Nice Washington Post piece on things that have become obsolete. Here’s one I miss this one,
Doing Nothing at the Office
b. 1853 -- d. mid-1990s
The 20th century's best minds might have brought us many wonders fantastic (Decaf soy lattes! Shoulder-fired missiles! Plastic!), but what is truly stunning is the number of office hours Americans clocked during those same years doing . . . nothing much. Taking a cigarette break could sometimes nudge the minute hand a little. The water cooler was also created for this purpose. And paper clips. But in those many empty moments between tasks, much time was spent staring into space.
The patron saint of office inaction could be Herman Melville's Bartleby the scrivener, who sloughed off the responsibilities of his job in the dead letter office with a succinct, "I would prefer not to." But in some professions, downtime was practically a requirement of the job, and higher-ups would charge underlings with figuring out how to use it.
"When I started in the early '80s, there were word-processing centers," recalls attorney Howard Gutman, a partner at Williams & Connolly. "A 120-page brief could take two hours, and one mistake and you'd have to do it over again. Printing places would vie for business by having beds and food. If you were a young lawyer, sitting and waiting there really was your job."
Idle time's death knell was the Internet, which created a way to fill every moment while giving the appearance of productivity. The joys of making wastebasket two-pointers and using Scotch tape to extract nasal blackheads pale when compared with the minute-hand-massaging possibilities of Craigslist and YouTube. According to Nielsen ratings, the average American visits more than 2,000 Web pages a month while on the clock; surveys by Vault.com suggest that close to 90 percent of workers spend part of their day doing Internet browsing that's unrelated to work.
During the early days of my career, in the mid-1980s I worked in an office without computers. My boss liked to use carbon paper, but we were the dinosaurs of the office suite. The hip, techno geeks in the other offices laughed, “Why do you still use carbon paper when you can type the letter and walk down the hall to the copy room.” Yes, the copy room, that was high tech. You wrote letters long-hand, the secretary typed them up on the IBM Selectric, and then she walked down the hall to wait in line with the other secretaries to make copies.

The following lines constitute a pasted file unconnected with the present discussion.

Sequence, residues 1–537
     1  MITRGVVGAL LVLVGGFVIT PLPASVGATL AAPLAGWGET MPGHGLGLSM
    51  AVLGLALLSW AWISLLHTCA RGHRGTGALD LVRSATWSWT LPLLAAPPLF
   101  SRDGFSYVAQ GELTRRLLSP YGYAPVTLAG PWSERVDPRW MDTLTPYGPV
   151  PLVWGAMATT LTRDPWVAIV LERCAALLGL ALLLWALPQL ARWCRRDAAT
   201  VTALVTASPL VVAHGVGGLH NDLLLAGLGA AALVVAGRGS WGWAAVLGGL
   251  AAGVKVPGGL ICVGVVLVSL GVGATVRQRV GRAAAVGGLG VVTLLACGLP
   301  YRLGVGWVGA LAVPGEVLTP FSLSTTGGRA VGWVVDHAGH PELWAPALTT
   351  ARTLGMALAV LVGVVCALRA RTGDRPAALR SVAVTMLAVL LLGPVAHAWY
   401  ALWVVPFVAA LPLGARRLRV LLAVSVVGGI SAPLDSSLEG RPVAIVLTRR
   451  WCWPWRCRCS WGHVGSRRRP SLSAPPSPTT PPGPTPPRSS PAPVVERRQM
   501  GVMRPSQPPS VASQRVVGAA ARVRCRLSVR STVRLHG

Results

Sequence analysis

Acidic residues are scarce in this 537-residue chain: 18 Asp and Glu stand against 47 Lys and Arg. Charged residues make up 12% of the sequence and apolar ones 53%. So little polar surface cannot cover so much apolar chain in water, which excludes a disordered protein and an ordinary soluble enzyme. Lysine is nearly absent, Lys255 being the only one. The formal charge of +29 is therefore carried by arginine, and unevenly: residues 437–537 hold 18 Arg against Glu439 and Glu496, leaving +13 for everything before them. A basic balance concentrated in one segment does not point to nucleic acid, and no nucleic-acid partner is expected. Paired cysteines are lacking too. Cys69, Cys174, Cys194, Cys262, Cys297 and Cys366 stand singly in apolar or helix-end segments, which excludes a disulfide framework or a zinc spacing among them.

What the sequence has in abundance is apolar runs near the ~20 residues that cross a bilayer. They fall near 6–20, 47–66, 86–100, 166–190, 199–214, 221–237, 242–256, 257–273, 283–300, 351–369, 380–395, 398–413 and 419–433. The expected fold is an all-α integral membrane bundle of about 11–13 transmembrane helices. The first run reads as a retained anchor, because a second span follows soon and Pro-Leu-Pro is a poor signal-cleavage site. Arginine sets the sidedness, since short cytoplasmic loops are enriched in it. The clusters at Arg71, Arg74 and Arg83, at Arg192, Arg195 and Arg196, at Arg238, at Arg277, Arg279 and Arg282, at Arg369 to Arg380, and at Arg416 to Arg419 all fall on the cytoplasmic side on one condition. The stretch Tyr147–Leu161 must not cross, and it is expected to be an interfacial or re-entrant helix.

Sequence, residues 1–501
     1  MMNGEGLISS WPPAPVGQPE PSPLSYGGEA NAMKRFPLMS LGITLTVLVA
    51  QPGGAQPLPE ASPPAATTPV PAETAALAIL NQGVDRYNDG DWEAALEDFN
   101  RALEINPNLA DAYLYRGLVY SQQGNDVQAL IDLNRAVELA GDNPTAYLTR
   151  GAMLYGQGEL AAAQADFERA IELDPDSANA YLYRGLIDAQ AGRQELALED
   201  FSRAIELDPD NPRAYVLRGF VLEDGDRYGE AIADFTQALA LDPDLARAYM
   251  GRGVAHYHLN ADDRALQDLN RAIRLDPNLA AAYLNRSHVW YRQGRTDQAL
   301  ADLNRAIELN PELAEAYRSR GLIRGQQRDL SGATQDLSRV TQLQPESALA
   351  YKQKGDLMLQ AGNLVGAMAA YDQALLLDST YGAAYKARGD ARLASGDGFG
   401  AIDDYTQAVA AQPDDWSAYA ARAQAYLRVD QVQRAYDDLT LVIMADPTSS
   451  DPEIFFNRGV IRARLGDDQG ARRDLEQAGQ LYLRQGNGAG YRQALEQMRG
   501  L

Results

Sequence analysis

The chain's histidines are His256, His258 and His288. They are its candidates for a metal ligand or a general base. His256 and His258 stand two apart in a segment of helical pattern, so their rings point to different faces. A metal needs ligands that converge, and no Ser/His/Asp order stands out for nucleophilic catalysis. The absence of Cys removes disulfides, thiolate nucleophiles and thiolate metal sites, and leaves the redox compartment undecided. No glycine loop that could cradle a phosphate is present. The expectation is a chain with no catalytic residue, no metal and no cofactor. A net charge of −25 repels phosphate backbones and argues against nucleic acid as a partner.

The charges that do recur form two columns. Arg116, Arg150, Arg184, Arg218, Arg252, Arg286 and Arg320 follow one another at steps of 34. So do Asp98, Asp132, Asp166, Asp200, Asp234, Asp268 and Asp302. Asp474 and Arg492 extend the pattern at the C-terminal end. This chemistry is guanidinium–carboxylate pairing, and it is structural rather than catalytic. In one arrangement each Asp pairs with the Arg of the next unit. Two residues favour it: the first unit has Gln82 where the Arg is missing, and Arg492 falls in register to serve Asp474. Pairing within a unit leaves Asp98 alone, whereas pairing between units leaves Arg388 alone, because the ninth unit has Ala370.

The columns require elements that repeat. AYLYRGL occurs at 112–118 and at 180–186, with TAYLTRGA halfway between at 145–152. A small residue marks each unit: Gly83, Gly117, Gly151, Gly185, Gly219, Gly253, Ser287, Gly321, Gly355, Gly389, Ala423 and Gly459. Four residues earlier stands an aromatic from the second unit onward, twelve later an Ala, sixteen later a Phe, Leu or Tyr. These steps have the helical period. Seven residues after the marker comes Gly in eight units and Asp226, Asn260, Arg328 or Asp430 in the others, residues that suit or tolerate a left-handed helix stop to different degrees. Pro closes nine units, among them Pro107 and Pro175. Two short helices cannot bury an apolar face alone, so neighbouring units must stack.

But I do miss the down-time. Without the internet, I usually filled the down time talking to the secretaries or other staff folks. We tend to underestimate the value of office gossip. It leads to institutional knowledge. I would also look through files. I kid you not! Just pick out a file folder or two and read through them, looking at old correspondence, reports, etc. I probably was a more well-rounded person for the effort. Down time forced me to reflect on what I was doing and learn more about the issues we faced.
There is still a lot of down time in offices, but now I fill the time in solitary pursuits like checking blogs or news sources on the web. This is valuable stuff – in my opinion – but totally unrelated to the business at hand. I still have files I could read through – though most of the content is stored electronically. But to tell the truth, if faced with 5 or 10 minutes of down time before a meeting, I’d rather check my email quick, and then surf the web. Seldom do I leave my cube to talk to a colleague.
What are we losing? I don’t really know. Personally, I feel less well-rounded, less aware of the big picture of the projects I’m working on. I probably have less institutional knowledge because I just don’t spend as much time talking to colleagues or looking through the old files.
Hat tip: Newmark’s Door.